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Post Office May Not Last 'Forever'
An Interview With Charles Guy

5/14/2007

The Postal Service is billing its 41-cent "forever" stamp as a customer convenience. But the agency's former chief economist says it's also designed to ease the way for a series of future rate increases.

If you haven't stocked up on "forever" stamps yet, you'll need some 2-cent stamps to cover the price increase that takes effect Monday. And Charles Guy, who studied the economics of mail for 26 years inside the Postal Service, says such increases may become an annual ritual.

Recent legislation allows the Postal Service to raise prices without going through a cumbersome rate-setting process, as long as the increase is in line with the rate of inflation. If inflation is 2.5 percent over the next year, the first-class rate could go up a penny to 42 cents next year.


Guy is now an adjunct scholar with the Lexington Institute, a conservative think tank in Arlington, Va. He expects his old agency to take full advantage of its new pricing power, but says it shouldn't.

The volume of first-class mail - the post office's most profitable service - has been shrinking for several years. Receiving and paying a bill used to generate two pieces of first-class mail, but now the bill is likely to be sent by e-mail and paid online. Raising the price of a stamp, Guy says, will only accelerate that trend.

"They're losing their high-markup volume," he said. "It means the labor force they are employing to do this work needs to shrink."

It's not a problem that higher prices will solve. "The more they raise prices, the more volume will decline," Guy said. "We're just delaying solving the problem and making it bigger."

Postal management has blamed the latest increase on higher fuel prices, but Guy says they're not the real culprit. Labor accounts for 80 percent of the agency's costs, while transportation is just 8 percent.

Yet, Guy alleges, management hasn't even tried to bring down labor costs. A recent contract with the largest postal union calls for annual raises of 1 percent, plus cost-of-living increases, and contains a no-layoff clause.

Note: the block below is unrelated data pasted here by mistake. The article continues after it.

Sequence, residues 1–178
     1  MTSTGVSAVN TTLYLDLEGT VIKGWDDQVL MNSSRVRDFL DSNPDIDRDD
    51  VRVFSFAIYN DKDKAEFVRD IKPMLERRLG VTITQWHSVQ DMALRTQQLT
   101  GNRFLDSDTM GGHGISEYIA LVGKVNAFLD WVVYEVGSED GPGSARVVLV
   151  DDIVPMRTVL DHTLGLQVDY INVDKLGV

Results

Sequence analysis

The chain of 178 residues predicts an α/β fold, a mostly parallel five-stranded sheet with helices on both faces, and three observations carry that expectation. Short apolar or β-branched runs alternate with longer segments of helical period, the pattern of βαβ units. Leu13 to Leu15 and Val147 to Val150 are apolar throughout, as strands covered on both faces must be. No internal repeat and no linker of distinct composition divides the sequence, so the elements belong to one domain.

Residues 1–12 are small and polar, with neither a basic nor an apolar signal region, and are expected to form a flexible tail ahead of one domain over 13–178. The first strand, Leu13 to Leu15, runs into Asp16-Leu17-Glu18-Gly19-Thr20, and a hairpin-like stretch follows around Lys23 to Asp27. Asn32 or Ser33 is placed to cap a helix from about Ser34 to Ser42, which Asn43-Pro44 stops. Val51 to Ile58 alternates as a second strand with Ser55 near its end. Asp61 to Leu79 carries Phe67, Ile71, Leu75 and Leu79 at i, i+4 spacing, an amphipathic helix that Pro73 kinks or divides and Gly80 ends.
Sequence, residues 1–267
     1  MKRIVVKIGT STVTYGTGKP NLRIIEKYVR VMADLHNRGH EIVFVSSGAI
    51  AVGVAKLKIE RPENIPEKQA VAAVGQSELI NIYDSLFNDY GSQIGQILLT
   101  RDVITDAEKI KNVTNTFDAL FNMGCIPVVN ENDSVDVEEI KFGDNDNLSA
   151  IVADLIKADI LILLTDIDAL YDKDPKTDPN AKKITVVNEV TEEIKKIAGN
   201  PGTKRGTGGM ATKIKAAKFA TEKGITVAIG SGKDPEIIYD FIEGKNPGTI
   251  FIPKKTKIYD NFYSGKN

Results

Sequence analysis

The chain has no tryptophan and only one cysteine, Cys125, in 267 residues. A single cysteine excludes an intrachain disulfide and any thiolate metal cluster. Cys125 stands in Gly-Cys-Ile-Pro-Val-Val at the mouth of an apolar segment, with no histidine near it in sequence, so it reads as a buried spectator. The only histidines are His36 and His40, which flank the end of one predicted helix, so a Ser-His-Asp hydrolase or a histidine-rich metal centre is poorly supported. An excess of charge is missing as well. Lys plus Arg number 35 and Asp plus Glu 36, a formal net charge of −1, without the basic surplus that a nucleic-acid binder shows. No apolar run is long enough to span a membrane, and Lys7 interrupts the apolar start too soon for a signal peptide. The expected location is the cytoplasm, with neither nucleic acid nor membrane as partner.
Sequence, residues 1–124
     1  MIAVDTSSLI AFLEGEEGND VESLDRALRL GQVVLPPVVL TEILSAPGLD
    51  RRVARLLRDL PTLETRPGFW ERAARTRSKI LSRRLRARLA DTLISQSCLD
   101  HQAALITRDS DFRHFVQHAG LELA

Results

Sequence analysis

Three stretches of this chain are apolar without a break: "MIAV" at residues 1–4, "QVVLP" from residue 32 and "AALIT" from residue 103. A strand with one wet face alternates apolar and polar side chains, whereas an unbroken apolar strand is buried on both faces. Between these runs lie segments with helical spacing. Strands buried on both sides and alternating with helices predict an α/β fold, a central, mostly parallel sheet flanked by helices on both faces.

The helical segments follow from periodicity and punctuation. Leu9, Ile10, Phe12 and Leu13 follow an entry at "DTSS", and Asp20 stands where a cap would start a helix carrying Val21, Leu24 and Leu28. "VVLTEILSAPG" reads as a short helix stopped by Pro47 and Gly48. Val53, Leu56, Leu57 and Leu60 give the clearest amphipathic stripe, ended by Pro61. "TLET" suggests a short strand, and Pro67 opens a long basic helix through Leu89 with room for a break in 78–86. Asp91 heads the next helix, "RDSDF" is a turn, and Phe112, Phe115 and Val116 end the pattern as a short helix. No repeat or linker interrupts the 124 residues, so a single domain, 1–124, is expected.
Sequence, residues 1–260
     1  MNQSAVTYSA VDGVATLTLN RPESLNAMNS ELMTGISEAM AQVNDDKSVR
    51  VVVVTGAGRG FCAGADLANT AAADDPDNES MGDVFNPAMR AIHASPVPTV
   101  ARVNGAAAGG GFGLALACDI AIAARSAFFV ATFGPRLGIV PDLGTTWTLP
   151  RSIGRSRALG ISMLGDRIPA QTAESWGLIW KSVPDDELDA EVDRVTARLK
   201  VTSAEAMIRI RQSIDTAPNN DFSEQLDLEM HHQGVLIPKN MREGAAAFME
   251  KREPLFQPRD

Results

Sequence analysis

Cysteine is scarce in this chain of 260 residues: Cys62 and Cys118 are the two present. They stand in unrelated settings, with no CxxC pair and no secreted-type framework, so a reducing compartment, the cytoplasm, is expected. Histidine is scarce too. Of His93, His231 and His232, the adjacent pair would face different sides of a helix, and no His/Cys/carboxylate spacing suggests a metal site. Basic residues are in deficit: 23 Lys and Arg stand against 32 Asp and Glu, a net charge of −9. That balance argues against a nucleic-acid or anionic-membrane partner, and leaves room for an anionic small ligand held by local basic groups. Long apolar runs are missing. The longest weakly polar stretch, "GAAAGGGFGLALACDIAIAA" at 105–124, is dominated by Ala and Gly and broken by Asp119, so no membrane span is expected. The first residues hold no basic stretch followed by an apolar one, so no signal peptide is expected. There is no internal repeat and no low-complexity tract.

The Postal Service has been praised for achieving labor peace, but Guy says that shouldn't be the objective. He compares the post office's situation to that of Detroit's Big Three automakers, which also have seen their sales shrink. The Big Three, he says, acknowledge that they have too many workers and need to reduce costs.

Postal managers need to make some tough decisions now before the market makes their problem even tougher. "Why wait for a crisis?" he asked. "That's exactly the game we're playing here. Ducking and dodging the real issues is just going to make a financial catastrophe extremely likely.

"You ought to be doing something to minimize the increases and make them as infrequent as possible, not institutionalizing them by having a forever stamp."

There are alternatives: If a government-run postal monopoly is incapable of controlling costs, Congress should look at privatization. Germany has privatized its post office, and Sweden and New Zealand have repealed their postal monopolies, allowing competition.

If we had competition, price increases no longer would seem inevitable. In other so-called network industries, like airlines and telecommunications, prices over time have risen by less than the rate of inflation.

So, as you stand in line to buy a forever stamp, you might ask yourself why no one's trying to sell a forever airline ticket.

 

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